If you want to customize it a bit more, you can move on to the next step.

Adding Parameters With Shortcode

If you want to adapt your ‘subscribe’ shortcode to display other social media links, you’ll simply need to add a parameter to change the URL.

You can add in different handling attributes by opening the custom-shortcodes.php file and adding this code:

function subscribe_link_att($atts) {
$default = array(
‘link’ => ‘#’,
);
$a = shortcode_atts($default, $atts);
return ‘Follow us on ‘.$a[‘link’];
}
add_shortcode(‘subscribe’, ‘subscribe_link_att’);

This code will allow you to add different links in your shortcode tag and include them with the Gutenberg editor.

Test Parameters

Now you’ve updated the shortcode, you’ll need to test it. Test your parameters with a self-closing shortcode to see if your URLs work.

Create Enclosing Shortcode

Enclosing shortcode should be created and added to your custom-shortcode.php file.

When your enclosed shortcode is ready, you can go ahead and save your changes, and you’ll be done!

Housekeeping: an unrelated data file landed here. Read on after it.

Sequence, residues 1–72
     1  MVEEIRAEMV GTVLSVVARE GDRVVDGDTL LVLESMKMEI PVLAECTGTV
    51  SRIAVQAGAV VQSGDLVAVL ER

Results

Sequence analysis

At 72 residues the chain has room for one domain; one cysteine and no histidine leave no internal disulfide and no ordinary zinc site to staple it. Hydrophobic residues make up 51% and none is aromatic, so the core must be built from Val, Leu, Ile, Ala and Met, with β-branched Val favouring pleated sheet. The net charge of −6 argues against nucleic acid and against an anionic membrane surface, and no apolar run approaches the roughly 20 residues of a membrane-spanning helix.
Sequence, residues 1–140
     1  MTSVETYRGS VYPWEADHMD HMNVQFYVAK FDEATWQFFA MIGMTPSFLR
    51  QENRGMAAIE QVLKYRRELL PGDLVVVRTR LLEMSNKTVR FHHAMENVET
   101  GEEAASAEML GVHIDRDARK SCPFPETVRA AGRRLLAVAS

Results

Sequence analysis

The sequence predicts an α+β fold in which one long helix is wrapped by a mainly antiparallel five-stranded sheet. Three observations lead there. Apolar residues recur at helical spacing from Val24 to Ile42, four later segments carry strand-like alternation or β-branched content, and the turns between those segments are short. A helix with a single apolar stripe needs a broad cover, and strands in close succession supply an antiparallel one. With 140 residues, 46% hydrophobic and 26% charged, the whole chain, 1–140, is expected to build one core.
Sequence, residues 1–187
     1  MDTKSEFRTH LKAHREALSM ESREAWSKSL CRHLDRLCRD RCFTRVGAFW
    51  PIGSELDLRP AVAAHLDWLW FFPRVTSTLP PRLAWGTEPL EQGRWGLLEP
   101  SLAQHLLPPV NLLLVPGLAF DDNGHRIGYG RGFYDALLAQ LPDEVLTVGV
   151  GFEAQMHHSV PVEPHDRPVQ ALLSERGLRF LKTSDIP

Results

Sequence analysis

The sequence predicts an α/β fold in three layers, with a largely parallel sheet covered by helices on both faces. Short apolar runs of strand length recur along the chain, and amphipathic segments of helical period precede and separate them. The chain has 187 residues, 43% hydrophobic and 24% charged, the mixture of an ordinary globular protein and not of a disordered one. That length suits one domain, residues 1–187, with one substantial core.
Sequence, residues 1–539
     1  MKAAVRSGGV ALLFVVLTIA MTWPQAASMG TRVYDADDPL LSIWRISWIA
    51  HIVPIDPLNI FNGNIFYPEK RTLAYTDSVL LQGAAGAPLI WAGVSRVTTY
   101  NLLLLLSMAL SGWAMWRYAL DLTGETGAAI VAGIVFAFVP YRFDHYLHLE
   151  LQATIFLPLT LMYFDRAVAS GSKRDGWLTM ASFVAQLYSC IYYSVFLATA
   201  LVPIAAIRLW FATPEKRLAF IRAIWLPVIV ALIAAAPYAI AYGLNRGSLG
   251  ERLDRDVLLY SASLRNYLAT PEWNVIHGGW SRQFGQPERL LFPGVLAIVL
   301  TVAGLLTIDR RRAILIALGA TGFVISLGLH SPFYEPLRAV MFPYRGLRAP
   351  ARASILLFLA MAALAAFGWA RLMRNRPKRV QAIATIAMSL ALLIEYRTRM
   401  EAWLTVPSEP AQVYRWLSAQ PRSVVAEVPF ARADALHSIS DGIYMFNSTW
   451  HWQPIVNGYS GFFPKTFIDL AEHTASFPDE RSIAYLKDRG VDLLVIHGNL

Add Your Code To The Website

Now, the final stage of the process is to add your new enclosed shortcode to your website.

You can do this via the WordPress block editor, as you would with other shortcodes, to see your results. As you can see, creating your own shortcodes can be tricky business.

This is just a rough guide on how the process works. If you want to create your own shortcodes, there are a few extra steps you’ll need to complete.

For more information, we’d advise talking to an experienced coder or visiting the WordPress site for more information.

The Bottom Line

Like most other WordPress plugins, Paid Memberships Pro comes with its own shortcodes to add to your site.

Shortcodes can make editing your site a breeze, and you don’t need any real coding experience to use them!

However, making your own shortcodes is far more complex, and we wouldn’t advise trying it unless you have previous coding experience or an experienced coder to help you.

We hope you’ve enjoyed learning the ins and outs of shortcodes and how Paid Memberships Pro’s own shortcodes can help you enhance your WordPress site.